At the time, Shane, Lacy, and Becca were my best friends. My only friends. The 4 of us were almost inseparable. We went to church together, we went out to eat together, we were always at one another’s houses. We were hungry for a fresh spiritual awakening. And in the years that followed, we did grew up. They all three are married now, to wonderful, godly people. Becca has two beautiful daughters. Lacy quit her long time job and moved to a small town when she got married. Shane just bought a house. I floated from job to job working in various media jobs (radio and newspaper) and hospitality fields (hotel and restaurant). Last year, I lost my job and decided to go back to college. I rediscovered my love of acting and theater. I’ve been privileged to travel over the world. I’ve made new friends and reacquainted myself with some old ones. I’ve had a play published. I’m trying to make this writing/acting thing work for me while I juggle a job and schooling.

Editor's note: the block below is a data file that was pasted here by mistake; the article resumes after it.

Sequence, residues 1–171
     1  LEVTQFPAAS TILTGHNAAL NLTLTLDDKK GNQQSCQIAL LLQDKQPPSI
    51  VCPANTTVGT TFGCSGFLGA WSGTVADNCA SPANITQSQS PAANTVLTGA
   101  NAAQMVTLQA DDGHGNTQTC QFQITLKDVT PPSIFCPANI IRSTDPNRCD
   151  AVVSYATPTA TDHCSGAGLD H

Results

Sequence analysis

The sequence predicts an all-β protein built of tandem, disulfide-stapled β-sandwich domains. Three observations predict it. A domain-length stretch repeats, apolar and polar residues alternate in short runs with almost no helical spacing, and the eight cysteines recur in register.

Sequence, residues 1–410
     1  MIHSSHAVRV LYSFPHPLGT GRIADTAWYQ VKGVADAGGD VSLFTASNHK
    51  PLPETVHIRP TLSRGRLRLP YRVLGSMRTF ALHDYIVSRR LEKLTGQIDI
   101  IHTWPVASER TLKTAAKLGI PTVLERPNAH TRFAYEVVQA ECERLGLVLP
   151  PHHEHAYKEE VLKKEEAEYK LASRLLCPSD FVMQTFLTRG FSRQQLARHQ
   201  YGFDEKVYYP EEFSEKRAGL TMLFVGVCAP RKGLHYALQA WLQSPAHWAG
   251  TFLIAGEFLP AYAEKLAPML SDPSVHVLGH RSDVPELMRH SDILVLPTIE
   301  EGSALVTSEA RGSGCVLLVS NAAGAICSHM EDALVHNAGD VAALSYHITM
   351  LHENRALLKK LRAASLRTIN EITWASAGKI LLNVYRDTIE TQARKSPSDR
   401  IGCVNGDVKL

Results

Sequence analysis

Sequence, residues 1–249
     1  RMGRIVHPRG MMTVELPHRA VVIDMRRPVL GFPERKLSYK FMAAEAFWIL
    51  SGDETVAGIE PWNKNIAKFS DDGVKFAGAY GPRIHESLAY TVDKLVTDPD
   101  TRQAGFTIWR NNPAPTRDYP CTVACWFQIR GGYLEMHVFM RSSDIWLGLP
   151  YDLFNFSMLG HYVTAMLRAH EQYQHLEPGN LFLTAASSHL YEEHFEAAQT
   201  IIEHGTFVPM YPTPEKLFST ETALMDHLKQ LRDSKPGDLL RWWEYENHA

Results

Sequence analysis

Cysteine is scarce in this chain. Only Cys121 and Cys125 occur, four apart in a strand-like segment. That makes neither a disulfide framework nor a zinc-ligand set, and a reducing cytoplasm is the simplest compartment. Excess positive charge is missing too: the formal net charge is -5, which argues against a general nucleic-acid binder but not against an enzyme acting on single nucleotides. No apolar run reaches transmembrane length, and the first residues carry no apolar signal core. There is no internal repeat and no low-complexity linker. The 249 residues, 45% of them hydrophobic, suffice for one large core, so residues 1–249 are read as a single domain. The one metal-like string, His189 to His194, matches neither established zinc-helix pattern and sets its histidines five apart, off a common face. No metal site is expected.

In many ways I’m in a similar place to where I was 11 years ago. Then I had just moved back to my home town and made some new friends and sparked an old friendship. Today I’m in a different town with probably as many friends, some new and some old. I didn’t act in Heaven Can Wait in the fall of 2001, I dropped out for personal reasons. I really wanted to do the fall musical here,  Curtains, but I didn’t get cast. That’s life though. In 2001 I was a scared 24 year old kid. Scared, not that terrorists had attacked us, but scared of change and what the meant. Now I’m a 35 year old man, and while I’m still scared of change, and I think we all are, I no longer fight change, I embrace it. And that, I think, would make Shadow proud.


Thanks for taking the time to read that. I know it’s different then what I normally and nominally blog about. But I couldn’t pass up the chance to reblog it.